Well, it looks like absent some other intervention, Michael Schiavo gets to finish off his wife once and for all.
Red State has examined this death sentence before, and some of its broader implications. There's one angle we haven't touched on, though, and that's what this entire mess says about our legal system: At some point, we decided that some lives weren't worth living, and that the law would sanction the end of those lives.
Think about that for a second. Forget any religious dimension. Forget abortion for now. Just think about that: Our law does not favor life. It's such a small thing. We believe that life is an inherent right of every human being (well, a lot of us don't believe that about humans who are attached to a placenta, but I leave that to the side). But we don't carry a predisposition toward life itself.
Obviously, I'm writing this because very soon, a husband will put his wife to death, despite the pleas of her biological family. But there's more than Michael Schiavo's
greed desire to carry out his wife's execution wishes at issue. And it's certainly larger than the extraordinary moral flexibility the fellow has shown to date, although there's some of that here, too.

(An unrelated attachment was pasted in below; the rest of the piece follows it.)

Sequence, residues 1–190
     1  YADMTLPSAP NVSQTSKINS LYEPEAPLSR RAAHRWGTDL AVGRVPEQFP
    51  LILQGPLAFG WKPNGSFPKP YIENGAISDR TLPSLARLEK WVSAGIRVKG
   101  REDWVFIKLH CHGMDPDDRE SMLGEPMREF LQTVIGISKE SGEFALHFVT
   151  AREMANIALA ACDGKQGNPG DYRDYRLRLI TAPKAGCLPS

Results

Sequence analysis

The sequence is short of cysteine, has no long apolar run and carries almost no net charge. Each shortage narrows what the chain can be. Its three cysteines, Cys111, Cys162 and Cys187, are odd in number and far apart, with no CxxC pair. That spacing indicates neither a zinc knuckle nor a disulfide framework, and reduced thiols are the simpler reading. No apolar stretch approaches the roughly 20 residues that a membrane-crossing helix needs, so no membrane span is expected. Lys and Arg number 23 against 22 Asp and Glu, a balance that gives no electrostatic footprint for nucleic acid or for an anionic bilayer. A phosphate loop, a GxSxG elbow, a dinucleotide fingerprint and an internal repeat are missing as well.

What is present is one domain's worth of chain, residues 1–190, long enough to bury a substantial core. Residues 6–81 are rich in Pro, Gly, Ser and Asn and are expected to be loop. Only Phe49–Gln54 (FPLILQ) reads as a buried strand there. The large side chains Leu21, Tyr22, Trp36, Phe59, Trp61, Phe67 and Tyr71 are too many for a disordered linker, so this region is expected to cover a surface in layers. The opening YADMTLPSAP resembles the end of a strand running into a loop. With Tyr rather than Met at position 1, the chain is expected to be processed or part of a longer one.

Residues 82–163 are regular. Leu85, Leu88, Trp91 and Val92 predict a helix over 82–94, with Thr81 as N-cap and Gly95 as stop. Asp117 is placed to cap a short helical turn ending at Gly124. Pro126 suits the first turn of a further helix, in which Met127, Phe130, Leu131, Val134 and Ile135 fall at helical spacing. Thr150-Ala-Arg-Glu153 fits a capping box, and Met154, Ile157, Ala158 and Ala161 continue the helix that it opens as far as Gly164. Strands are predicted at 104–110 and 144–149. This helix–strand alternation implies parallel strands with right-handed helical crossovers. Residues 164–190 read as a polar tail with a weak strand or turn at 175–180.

Law is not in itself just. Law is a creation of imperfect human beings. We are capable of rendering highly just laws -- laws that protect the weak, provide order, and lessen the worst tendencies of men, or at least their effects. We are also capable of laws of powerful injustice, including those that give succor to those who slaughter the innocent.
There are more important things than the law as written. There are higher (or if you prefer, greater) laws. And our legal system has, in some vital ways, enshrined values opposite those laws.
I use the Schiavo case as a convenient example, but that's really the tip of the iceberg. Abortion was once criminalized, not because we wanted to control women, but because we thought there was something terribly wrong with killing babies. Suicide was criminalized, not because we wanted to imprison corpses, but because we wanted to add the law's opprobium to such a terrible act -- wanted, in other words, to put one more emotional and psychological hurdle in the path of an act for which there is no chance to express regrets in this world. We understood, in other words, that a life ended is ended finally, and that there is nothing any human being or group of human beings can do to reverse that.
It is a terrible path to which we have committed ourselves. If life has no sanctuary in the law, it will eventually have sanctuary nowhere; for law is but an organic outgrowth of society's values and mores. If a man can kill a woman who is, as far as the courts of law are concerned, completely incapable of experiencing sentience, and for whom others have offered their lifelong service to care, then why would it stop there? Why should it stop there? The slippery slope is an old argument, true; but we are now well and truly on that slope, and can begin to see the bottom.
A law that is more concerned with the convenience of life than life itself; with eliminating distress rather than seeing living children; with whether systematized murder overwhelms a procedural mechanism for good governance is, in a word, depraved. It is no law at all.